Three Women Conservationalists

Three Women Conservationists – a housewife, a lawyer and a teacher

Janine Kitson BA, Dip Ed, M Ed, Dip TEFI, MA, M Ed (Hons)

Janine has taught in many primary and secondary schools across Sydney since 1982. During her career with the NSW Department of Education she has also written English learning materials for schools and distance education as well as consulted to a Samoan education project. Janine has also been a former councillor on Ku-ring-gai Council as well as a Director on the Board of the National Trust of Australia (NSW). In recent years she has been an active member of the National Parks Association of NSW, the Nature Conservation Council of NSW, and the Colong Foundation for Wilderness, the David G Stead Memorial Wildlife Research Foundation of Australia and the NSW Teachers Federation. Through these groups Janine has developed a particular passion for the history of the environment movement. In 2014 Janine received Life Membership from the Ryde-Macquarie Teachers Association. In 2010 Janine received the North Shore Times Community Medal for Conservation and the Environment. Janine is a regular book reviewer for “Education”, the NSW Teachers Federation journal that goes out to 60,000 teachers working in public schools and TAFE Colleges across NSW.

Three Women Conservationists – A housewife, a lawyer and a teacher.

Annie Wyatt           1885-1961

Marie Byles            1900-1979

Thistle Harris         1902-1990

Annie Wyatt, Marie Byles and Thistle Harris were extraordinary women who, in their own unique ways, demonstrated their determination as women, to protect Sydney’s environment. This was at a time when women had limited education and professional opportunities and were generally financially dependent on men. They grew up at a time when most women were expected to marry, stay at home and look after children.

Annie Wyatt was a conservative married housewife who founded the National Trust of Australia (NSW) and was responsible for saving Balls Head Reserve on Sydney Harbour, Dalrymple Hay Forest at St Ives and bushland at Palm Beach.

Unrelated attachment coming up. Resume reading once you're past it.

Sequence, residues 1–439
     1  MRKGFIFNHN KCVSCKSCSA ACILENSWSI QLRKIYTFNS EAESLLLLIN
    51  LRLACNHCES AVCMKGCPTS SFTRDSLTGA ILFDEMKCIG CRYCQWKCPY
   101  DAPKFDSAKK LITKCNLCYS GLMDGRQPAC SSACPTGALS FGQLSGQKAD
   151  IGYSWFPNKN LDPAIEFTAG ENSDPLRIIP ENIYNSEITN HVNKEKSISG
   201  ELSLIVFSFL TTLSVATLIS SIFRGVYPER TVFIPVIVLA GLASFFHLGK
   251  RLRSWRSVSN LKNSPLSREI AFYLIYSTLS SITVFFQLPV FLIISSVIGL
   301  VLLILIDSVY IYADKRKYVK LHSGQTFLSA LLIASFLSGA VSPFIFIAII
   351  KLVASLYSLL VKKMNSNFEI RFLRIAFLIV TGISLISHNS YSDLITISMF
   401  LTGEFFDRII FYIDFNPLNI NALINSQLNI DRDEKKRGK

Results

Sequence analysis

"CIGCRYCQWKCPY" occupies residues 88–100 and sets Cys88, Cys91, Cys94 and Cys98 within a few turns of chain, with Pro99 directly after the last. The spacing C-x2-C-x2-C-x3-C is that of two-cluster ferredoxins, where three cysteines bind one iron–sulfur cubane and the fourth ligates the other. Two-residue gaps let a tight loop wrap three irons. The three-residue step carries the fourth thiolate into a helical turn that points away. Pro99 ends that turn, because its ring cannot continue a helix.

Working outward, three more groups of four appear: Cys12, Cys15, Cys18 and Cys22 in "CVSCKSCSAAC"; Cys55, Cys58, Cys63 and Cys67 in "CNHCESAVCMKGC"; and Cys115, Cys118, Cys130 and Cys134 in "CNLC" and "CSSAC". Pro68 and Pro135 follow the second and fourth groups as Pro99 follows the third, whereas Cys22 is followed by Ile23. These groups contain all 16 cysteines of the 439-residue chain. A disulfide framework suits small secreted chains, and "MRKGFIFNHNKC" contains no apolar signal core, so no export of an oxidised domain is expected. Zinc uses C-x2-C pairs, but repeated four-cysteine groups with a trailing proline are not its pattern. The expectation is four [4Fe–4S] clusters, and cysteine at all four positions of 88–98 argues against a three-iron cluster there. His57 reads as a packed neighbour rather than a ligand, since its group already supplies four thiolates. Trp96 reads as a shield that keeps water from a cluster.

Marie Byles was an adventurer, bushwalker, feminist, mountain climber and Buddhist who was the first practicing woman solicitor in NSW who ran her own legal practice in Eastwood. She successfully campaigned to create Bouddhi National Park on the Central Coast.

Thistle Harris, teacher, botanist and environmental educator promoted Australian wildflowers and left a memorial to the man she loved, David G. Stead, by creating “Wirrimbirra Sanctuary” at Bargo NSW. As a lecturer at Sydney Teachers College she influenced generations of teachers on how to engage and excite young people with the natural world.

The three women came from different backgrounds. Annie was reasonably comfortably off and was well connected. Her grandfather was Archibald Forsyth – a parliamentarian, industrialist and philanthropist who was involved in founding the RSPCA. Marie Byles family came out of the suffragette, Fabian socialist tradition of England; and Thistle Harris came from a comfortable background but one that often had to deal with hard times when money was short.

Annie was charming and forthright but promoted men to be leaders. Marie supported women in their legal and employment rights; and Thistle was an equal to her partner David Stead, one of Australia’s greatest environmental pioneers.

Marie Byles and Thistle Harris supported Annie Wyatt by gifting properties to the National Trust in NSW to be kept safe in ‘perpetuity’ [Thistle Harris – Wirrimbirra Sanctuary at Bargo and Marie Byles’ Cheltenham home “Ahimsa”]. Marie believed in the spiritual power of Nature and how one needed self-discipline and meditation to live in harmony with Nature. Thistle believed in the power of hands-on-outdoor-education that inspired young people to love and respect Nature.

Janine is presenting a series of lectures and discussion groups through WEA Sydney, 72 Bathurst Street  Sydney NSW 2000 and further information can be obtained at or by telephone to (02) 9264-2781